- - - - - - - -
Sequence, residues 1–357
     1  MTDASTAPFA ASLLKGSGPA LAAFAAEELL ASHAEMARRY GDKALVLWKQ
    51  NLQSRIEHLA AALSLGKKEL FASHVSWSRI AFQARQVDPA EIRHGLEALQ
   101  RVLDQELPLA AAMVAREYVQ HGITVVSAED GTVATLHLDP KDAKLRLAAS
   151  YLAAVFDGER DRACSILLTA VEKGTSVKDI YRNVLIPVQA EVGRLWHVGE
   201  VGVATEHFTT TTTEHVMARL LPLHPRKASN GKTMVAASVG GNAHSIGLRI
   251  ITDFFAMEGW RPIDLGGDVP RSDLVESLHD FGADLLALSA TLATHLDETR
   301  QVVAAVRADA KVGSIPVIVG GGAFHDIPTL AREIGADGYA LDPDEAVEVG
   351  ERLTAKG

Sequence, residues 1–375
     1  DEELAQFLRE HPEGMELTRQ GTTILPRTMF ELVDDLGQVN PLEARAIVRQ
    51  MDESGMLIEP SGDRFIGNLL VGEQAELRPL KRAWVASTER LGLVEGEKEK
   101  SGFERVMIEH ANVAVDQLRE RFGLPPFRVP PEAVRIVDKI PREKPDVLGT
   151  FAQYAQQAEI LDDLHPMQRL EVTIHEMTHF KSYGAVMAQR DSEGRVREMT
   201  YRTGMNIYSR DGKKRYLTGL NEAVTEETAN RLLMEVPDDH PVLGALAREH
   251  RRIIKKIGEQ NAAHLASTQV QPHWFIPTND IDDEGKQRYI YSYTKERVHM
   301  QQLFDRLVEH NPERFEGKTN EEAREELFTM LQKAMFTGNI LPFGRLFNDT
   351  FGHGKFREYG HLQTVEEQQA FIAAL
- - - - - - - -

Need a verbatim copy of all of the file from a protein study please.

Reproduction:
Sequence, residues 1–357
     1  MTDASTAPFA ASLLKGSGPA LAAFAAEELL ASHAEMARRY GDKALVLWKQ
    51  NLQSRIEHLA AALSLGKKEL FASHVSWSRI AFQARQVDPA EIRHGLEALQ
   101  RVLDQELPLA AAMVAREYVQ HGITVVSAED GTVATLHLDP KDAKLRLAAS
   151  YLAAVFDGER DRACSILLTA VEKGTSVKDI YRNVLIPVQA EVGRLWHVGE
   201  VGVATEHFTT TTTEHVMARL LPLHPRKASN GKTMVAASVG GNAHSIGLRI
   251  ITDFFAMEGW RPIDLGGDVP RSDLVESLHD FGADLLALSA TLATHLDETR
   301  QVVAAVRADA KVGSIPVIVG GGAFHDIPTL AREIGADGYA LDPDEAVEVG
   351  ERLTAKG

Sequence, residues 1–375
     1  DEELAQFLRE HPEGMELTRQ GTTILPRTMF ELVDDLGQVN PLEARAIVRQ
    51  MDESGMLIEP SGDRFIGNLL VGEQAELRPL KRAWVASTER LGLVEGEKEK
   101  SGFERVMIEH ANVAVDQLRE RFGLPPFRVP PEAVRIVDKI PREKPDVLGT
   151  FAQYAQQAEI LDDLHPMQRL EVTIHEMTHF KSYGAVMAQR DSEGRVREMT
   201  YRTGMNIYSR DGKKRYLTGL NEAVTEETAN RLLMEVPDDH PVLGALAREH
   251  RRIIKKIGEQ NAAHLASTQV QPHWFIPTND IDDEGKQRYI YSYTKERVHM
   301  QQLFDRLVEH NPERFEGKTN EEAREELFTM LQKAMFTGNI LPFGRLFNDT
   351  FGHGKFREYG HLQTVEEQQA FIAAL